Time for a Story about Alcohol (It’s Been Awhile)
Posted by themiracleisaroundthecorner
First, my apologies. I promised in my last post that I would write a follow-up and include all the wisdom I failed to include from last Monday’s meeting. There was so much great stuff! But, and anyone with kids will understand, it is the first week of summer vacation, and to say chaos reigned supreme in my household would be an understatement. I’m feeling under the gun right now, waiting for someone to call needing a ride!
So, instead of resuming the recap, I am going to share a story that was a prologue to last week’s adventure. Rather than link back to my last post, here’s the set-up: last weekend we travelled to a beach town for the weekend so that our daughter could participate in a basketball tournament. We had been looking forward to it, because usually tournaments are not in fun places like resort-y beach towns. The coach of the team made the lodging arrangements, so there was a bit of excitement at the mystery of it all. Unfamiliar beach town, lack of knowledge regarding accommodations, it was a true adventure!
The night before we were to leave for the weekend my daughter had a basketball game in town. Most of the parents were there. One particularly organized mom, the mom I actually know the best, started speaking to me about logistical details: who is bringing what snacks, how to select a restaurant for a team dinner, and so on. Through the course of this conversation, she mentioned the fun it will be to drink several times. None of these references bothered me, truly I couldn’t even be very specific about what she said. As the conversation progressed, however, the references became more pointed, “it will be awesome when we get sit by the pool and drink,” “Us moms are going to have a blast drinking.” My recovery sensors started humming, though nowhere near high alert. At this point there have been 3-4 different references to drinking to which I simply did not respond.
In retrospect, I wonder if my lack of response may have prompted the continued talk, or maybe I’m unnecessarily Monday morning quarterbacking. In any event, she continues on the path of how much fun carousing will be, and indicated her daughter felt that Organized Mom would be the embarrassment of the group, I suppose because of her drinking antics in the past? I have no clue, since I could count on one hand the number of times where we have been in a situation with alcohol together (and I would have fingers to spare). I laughed politely, because, I’m not even sure what else would be an appropriate response to this silly conversation. Then Organized Mom says, as she continued to recount her conversation with her daughter:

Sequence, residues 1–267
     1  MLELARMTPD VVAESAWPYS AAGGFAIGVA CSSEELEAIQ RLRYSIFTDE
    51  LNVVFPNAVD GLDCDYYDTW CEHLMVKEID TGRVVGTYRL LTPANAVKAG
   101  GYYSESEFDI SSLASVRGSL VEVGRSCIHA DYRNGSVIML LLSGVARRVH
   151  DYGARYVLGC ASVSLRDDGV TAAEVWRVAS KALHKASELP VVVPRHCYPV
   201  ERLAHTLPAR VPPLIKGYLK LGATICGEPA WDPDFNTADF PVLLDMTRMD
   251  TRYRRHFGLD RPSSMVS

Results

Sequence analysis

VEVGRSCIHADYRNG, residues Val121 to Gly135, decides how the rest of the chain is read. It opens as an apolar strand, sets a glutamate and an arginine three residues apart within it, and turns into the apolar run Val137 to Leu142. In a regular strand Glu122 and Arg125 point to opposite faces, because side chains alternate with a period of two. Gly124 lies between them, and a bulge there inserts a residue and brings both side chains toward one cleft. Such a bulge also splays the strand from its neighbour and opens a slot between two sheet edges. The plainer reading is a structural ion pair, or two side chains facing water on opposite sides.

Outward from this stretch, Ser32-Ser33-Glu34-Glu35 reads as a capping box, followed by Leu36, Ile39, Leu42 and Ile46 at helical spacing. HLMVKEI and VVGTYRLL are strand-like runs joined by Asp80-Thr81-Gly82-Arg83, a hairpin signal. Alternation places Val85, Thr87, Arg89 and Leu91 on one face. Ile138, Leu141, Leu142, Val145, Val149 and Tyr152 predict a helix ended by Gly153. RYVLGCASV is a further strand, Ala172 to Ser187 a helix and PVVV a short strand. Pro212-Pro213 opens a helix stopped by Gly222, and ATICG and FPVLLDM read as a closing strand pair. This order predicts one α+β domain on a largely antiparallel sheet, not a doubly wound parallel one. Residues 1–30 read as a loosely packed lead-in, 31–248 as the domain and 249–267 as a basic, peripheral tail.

“So I told her, ‘Oh, you don’t know Josie, she’ll be right there with me!”
Does is go without saying that I am Josie?
I’m going to plow right ahead with the story so there’s no cliffhanger: I say and do nothing in the moment. I regretted it for a solid 24 hours, but it’s the choice I made. My brain was, quite simply, frozen. It seemed incapable of forming logical thoughts. There are a few reasons why this is so:
- Environment: we sitting on the bleachers of a basketball court, ostensibly there to watch our daughters play basketball, surrounded by parents and younger siblings. It was surreal to me to be trying to figure out how to decline a drink.
- Out-of-shape mental muscles: it has been a really, really long time since I’ve had to think about declining a drink. As in, I can’t remember a situation where someone offered and I felt uncomfortable.
- Complete and utter bewilderment: even as I type this I have no clue why this woman would think such a thing, or say it to her daughter.